Soil Health - Quantifying the Economic Impact of Soil Health Practices
A growing interest in soil health and soil health systems has spurred increased interest in the use of no-till systems and the planting of cover crops to help ensure that soil is covered year round. Farmer adoption of no-till/cover crop systems hinges on a number of factors, including how these practices impact a farm operation’s bottom line.
USDA's Natural Resources Conservation Service (NRCS) invests in the Conservation Innovation Grants (CIG) program, annually funding innovative conservation projects in three focus areas: grazing lands, organic systems and soil health. On June 8, 2017, the NRCS announced that the agency will award more than $22.6 million to 33 projects nationwide through its competitive Conservation Innovation Grants (CIG) program in 2017.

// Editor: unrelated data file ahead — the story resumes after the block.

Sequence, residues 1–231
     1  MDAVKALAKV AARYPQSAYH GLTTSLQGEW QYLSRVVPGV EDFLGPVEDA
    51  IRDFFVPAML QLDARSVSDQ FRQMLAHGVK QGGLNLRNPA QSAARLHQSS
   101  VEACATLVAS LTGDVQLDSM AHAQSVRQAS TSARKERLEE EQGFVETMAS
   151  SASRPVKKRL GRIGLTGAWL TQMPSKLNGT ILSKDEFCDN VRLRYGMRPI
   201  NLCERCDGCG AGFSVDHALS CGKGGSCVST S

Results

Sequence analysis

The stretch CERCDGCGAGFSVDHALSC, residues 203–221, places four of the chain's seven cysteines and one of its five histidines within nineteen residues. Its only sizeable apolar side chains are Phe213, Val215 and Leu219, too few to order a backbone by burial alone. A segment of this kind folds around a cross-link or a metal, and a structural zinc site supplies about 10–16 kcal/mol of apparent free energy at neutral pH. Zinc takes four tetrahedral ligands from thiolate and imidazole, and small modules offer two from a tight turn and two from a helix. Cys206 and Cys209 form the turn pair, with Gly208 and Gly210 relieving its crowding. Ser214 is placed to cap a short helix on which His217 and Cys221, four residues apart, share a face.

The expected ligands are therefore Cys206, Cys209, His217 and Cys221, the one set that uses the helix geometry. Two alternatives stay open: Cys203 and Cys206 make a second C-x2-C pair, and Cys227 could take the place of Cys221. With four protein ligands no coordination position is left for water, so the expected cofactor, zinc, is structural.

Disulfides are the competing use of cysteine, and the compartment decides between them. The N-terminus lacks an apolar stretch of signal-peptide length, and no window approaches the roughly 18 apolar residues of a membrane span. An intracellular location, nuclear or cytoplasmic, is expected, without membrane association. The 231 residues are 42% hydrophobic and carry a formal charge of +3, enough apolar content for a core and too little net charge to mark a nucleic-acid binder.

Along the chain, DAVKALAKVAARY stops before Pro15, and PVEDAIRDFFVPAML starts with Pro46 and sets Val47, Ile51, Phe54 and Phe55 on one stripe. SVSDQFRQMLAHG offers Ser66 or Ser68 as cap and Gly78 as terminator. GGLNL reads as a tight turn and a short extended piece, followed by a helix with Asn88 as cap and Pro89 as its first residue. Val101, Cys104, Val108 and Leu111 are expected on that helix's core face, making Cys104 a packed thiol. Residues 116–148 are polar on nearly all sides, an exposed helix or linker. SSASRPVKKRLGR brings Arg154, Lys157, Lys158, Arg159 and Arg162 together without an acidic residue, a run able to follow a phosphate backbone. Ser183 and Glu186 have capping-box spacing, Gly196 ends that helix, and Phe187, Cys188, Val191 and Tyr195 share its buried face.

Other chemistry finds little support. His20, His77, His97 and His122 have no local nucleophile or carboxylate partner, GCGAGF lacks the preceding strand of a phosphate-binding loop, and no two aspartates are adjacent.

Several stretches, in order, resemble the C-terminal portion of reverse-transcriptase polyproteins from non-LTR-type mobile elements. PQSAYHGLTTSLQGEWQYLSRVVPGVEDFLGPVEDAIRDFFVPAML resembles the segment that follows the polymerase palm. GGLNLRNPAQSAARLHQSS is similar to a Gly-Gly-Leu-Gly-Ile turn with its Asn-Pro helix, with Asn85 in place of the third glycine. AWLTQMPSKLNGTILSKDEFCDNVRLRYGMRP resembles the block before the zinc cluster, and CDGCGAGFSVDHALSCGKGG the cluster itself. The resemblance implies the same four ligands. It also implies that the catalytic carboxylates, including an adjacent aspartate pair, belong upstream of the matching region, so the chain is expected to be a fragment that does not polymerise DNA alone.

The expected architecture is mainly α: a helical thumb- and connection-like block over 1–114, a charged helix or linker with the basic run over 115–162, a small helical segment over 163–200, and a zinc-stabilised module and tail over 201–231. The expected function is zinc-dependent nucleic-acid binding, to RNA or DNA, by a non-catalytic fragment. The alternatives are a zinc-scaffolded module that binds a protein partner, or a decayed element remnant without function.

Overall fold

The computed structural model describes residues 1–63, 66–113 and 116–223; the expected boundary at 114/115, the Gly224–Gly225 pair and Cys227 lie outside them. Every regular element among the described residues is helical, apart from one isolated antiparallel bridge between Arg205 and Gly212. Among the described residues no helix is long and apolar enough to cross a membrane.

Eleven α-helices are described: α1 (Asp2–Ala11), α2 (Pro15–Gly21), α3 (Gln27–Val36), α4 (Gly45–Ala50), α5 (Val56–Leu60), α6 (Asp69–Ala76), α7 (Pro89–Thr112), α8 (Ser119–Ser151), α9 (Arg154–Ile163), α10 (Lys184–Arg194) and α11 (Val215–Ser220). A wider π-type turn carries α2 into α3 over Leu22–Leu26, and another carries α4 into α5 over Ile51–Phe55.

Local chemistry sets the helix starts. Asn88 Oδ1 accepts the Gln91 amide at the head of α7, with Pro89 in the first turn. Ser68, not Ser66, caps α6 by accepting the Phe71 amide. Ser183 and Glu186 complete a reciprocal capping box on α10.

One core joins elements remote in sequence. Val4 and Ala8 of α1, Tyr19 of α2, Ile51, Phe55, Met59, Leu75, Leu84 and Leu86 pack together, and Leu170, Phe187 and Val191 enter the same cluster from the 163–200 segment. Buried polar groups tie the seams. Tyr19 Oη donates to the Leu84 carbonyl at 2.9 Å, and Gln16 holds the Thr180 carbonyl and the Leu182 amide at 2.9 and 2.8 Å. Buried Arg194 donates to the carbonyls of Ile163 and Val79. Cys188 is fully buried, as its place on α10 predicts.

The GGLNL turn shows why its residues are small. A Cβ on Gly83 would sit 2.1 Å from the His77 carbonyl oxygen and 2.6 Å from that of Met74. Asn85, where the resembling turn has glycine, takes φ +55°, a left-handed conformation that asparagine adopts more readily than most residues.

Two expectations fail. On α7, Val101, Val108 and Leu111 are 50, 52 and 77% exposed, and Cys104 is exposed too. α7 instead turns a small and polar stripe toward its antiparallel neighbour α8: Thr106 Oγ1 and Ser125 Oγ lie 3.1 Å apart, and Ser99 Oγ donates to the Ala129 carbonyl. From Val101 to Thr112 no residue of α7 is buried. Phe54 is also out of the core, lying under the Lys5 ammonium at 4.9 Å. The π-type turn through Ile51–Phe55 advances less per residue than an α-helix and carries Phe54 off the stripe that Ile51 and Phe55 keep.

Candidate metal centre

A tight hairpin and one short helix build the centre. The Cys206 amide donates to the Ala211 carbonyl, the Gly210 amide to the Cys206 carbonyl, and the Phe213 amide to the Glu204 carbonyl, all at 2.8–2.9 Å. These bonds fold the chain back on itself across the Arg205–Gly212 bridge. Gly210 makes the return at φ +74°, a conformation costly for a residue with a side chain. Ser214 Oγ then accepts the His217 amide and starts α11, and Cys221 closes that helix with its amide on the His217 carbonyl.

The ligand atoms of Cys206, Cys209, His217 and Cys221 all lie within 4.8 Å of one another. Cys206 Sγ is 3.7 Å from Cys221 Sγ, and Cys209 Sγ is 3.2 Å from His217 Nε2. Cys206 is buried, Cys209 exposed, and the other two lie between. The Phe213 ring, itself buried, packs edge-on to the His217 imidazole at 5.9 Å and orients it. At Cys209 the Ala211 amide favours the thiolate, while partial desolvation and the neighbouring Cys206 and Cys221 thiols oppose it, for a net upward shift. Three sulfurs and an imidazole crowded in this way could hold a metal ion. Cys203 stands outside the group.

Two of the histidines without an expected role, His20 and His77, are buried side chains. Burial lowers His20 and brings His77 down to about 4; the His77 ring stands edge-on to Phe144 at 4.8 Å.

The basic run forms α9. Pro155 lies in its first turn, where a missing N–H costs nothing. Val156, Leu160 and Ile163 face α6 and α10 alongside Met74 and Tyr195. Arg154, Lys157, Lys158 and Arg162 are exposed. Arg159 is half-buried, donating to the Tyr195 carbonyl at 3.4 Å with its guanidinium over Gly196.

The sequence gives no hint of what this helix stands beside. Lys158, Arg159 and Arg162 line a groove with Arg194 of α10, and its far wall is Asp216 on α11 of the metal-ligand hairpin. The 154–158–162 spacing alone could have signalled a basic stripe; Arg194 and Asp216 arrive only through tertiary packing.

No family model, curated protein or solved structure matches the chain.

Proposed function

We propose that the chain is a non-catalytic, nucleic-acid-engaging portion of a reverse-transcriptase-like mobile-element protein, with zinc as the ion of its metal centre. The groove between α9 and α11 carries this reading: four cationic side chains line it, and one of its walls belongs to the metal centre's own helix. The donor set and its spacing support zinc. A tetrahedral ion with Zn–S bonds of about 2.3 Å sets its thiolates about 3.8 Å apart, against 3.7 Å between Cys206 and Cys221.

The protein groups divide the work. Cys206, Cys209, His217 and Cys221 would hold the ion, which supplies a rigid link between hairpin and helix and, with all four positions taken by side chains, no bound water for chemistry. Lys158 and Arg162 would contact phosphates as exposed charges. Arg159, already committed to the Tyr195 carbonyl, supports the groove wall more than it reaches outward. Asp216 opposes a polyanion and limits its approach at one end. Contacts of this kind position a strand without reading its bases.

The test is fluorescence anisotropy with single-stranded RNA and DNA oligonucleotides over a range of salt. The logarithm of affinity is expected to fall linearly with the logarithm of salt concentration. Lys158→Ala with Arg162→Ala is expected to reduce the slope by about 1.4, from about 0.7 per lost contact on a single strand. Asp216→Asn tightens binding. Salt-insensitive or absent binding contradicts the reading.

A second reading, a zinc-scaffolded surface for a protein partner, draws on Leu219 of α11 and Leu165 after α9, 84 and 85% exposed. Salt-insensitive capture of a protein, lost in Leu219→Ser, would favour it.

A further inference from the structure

The project "Subtropical Soil Health Initiative" proposed by the National Center for Appropriate Technology was awarded $785,565 to address soil erosion challenges in the Lower Rio Grande Valley arising from soils left bare through the summer. The project consists of field demonstrations of ecological soil management on certified organic and transitioning vegetable and row crop farms, focusing on the effectiveness, practicality, and profitability of cover crops and reduced tillage. Technical assistance and knowledge transfer to underserved (predominantly Hispanic) audiences is a key part of the project.
Currently, researchers are looking at how different cover crops can impact soil health as well as the bottom line for the growers in the subtropical regions of south Texas. PPC Farms is proud to be collaborating with NCAT and UTRGV in this effort.